I would consider myself a pretty hardcore Trekkie. When living in California, I had the opportunity to visit the Deep Space 9 stages on the Paramount lot and also was able to attend the premiere of Star Trek: First Contact at Grauman's Chinese Theatre in Hollywood.

So, when I heard that J.J. Abrams was going to reboot Trek in 2009, I was pretty excited. My thoughts were, it's some new Trek! Sounds good to me. The new origin of Kirk & Company did very well on opening weekend, pulling in around $75 million. The story was well crafted and the actors seemed to fit pretty well into the roles established by Shatner, Nimoy, Kelly and the rest of the crew.

Flash forward to four years later and Abrams returns with Into Darkness. Although it was #1 at the Box Office over the weekend, raking in over $70 million, it did fall short of Paramount/CBS expectations of pulling down $100 million. Here are some of the pros and cons of why I doubt this will be the huge follow up that was expected in Hollywood.

The Pros:

The first two-thirds of the movie holds up pretty well. We are introduced to the villain 'John Harrison' and after an attack on London he sets his sights on Starfleet Command. It is during the Starfleet attack that Admiral Pike is killed and puts Kirk on a revenge mission.

As Chris Pine takes the center seat in the first part of the movie, it hit me all of sudden that, YES! He IS Captain James T. Kirk. All the main characters have their moments in the movie and the acting is top-notch. It does seem that the writers are having a very difficult time with the McCoy character though. More on that in the Con portion.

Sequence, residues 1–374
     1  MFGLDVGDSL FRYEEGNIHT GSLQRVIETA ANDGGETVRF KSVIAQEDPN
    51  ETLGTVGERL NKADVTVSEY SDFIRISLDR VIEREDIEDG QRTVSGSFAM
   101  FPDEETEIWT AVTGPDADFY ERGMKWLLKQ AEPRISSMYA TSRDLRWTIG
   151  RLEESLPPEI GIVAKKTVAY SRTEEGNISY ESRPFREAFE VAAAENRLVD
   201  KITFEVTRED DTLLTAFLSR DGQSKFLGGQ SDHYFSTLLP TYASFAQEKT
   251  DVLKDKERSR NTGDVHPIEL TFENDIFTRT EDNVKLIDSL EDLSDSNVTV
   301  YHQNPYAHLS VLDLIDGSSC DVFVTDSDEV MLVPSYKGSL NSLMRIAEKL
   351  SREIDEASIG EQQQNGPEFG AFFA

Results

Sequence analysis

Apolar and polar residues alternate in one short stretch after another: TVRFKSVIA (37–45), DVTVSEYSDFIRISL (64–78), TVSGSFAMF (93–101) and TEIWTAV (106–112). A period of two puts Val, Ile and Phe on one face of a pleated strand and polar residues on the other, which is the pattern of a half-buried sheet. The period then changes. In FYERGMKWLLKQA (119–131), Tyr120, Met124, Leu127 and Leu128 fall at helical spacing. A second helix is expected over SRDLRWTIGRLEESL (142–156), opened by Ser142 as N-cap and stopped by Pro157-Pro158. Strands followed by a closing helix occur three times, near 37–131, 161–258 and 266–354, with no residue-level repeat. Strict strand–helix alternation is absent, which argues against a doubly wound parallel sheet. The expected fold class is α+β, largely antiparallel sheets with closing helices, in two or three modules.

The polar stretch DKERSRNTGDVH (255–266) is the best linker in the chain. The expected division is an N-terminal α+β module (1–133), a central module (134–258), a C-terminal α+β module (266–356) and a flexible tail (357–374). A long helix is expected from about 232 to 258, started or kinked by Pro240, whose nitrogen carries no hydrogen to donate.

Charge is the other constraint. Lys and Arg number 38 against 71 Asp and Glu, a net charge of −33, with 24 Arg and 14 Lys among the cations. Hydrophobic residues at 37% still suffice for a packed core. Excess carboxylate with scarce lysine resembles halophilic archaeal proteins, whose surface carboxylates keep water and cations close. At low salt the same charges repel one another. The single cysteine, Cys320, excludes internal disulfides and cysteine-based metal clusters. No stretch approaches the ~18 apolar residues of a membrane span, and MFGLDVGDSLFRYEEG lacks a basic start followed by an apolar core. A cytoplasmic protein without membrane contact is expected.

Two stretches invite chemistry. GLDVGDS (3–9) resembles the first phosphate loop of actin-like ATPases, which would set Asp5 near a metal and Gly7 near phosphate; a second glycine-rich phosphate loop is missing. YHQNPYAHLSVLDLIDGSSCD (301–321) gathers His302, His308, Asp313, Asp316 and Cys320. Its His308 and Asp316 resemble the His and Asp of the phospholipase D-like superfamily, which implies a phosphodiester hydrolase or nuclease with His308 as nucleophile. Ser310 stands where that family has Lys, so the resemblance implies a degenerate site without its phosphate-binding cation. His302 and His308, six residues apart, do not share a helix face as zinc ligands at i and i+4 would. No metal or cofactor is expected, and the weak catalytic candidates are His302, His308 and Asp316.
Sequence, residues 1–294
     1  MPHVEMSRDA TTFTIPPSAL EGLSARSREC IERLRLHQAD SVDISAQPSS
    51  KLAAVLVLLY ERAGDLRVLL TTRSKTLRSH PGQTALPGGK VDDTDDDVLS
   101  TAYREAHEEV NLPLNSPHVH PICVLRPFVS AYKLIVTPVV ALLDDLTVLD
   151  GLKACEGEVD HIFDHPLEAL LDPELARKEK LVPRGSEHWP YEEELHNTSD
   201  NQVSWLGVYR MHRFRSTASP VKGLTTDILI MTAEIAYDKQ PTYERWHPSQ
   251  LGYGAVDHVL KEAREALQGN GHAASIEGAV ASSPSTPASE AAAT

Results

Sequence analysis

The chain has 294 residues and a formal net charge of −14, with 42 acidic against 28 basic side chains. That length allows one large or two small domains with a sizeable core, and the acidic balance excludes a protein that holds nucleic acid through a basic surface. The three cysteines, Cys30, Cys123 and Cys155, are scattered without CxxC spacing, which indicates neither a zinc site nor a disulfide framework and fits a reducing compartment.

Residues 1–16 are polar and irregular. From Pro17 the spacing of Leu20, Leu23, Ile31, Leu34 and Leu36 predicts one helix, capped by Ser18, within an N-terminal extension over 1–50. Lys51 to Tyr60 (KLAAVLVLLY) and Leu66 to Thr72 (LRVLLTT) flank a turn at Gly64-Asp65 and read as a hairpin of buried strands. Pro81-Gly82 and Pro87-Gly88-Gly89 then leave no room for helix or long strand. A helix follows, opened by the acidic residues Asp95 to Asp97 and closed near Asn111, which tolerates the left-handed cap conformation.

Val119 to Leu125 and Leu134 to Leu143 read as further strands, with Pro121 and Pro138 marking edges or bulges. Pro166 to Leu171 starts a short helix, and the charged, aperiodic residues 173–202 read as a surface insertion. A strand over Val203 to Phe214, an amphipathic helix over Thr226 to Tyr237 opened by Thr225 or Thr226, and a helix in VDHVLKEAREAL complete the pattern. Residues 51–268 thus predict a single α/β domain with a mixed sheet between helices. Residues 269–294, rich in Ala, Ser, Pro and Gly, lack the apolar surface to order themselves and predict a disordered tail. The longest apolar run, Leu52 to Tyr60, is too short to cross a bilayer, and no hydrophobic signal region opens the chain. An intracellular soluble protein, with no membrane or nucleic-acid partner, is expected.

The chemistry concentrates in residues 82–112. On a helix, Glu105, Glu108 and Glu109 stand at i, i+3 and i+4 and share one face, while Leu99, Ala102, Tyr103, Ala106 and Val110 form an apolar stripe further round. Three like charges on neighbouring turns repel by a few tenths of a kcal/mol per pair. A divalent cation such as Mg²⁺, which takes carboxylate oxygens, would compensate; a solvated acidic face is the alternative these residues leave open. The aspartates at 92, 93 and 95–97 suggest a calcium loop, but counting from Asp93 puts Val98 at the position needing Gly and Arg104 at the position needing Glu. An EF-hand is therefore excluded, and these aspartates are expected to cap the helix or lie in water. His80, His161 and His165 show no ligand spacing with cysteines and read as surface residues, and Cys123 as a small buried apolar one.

Other than Pine and Zachary Quinto (Spock), it's Simon Pegg's 'Scotty' that has a very nice storyline in this picture. Plus, Zoe Saldana's 'Uhura' pulls away from the standard communications role and gets to see some action with the Klingons. Sulu get's a shot at the center seat and Chekov ends up donning a red shirt and heads to engineering.

The special effects are fantastic and everything has it's place during the tight action scenes. Two of my favorite scenes; When the Enterprise comes up from the ocean floor and then later is in a free fall, through the clouds. Stunning visual effect!

The Cons:

I'm a big fan of Karl Urban and the Doctor McCoy character, but the writers seem to be having a tough go of it writing for him. Urban's Doctor is relegated mostly to 'I'm a Doctor, not a....' It seems he is more of a caricature and not fully developed or fleshed out.

Had 'John Harrison' been the actual villain, I think the movie would have held up better, but upon the reveal that he is actually Khan, the suspension of disbelief is thrown out the window. I was never concerned about this tapping into the original timeline. What hurt the most was the intentional and blatant copying (aka plagiarism) of 'The Wrath of Khan.'

I overlooked the "The needs of the many outweigh the needs of the few" quoted, once again, by Spock in the first act of the movie. But, the overload of the 'nod to the fans' and scenes that were 'lifted' from TWOK were just too much.

The major 'groan' moment was Kirk getting radiation poison from putting the warp engines back on line and Spock screaming "KHAAAAAAAAANNNNNNNNN!"

When Kirk dies, YES Kirk, NOT Spock, he is brought back to life by the blood sample of Khan. Earlier in the film, McCoy finds out that Khan's blood has a regenerating component to it and brings a tribble back to life. (I guess you could say bringing Kirk back to life was 'no tribble at all.)

My biggest beef with this Trek Into Darkness? The reason Abrams did the reboot was so he could reset the time line and not have to worry about '30 plus years of 'cannon.' He had a clean slate to tell a story that has never been done before. So, after going to all that trouble, WHY would he go 'where we have gone before?'

If you want to see a fun 'popcorn' movie, then you will enjoy it. But is the movie firing all it's Photons? Not so much, but I would still give it a 7 out of 10.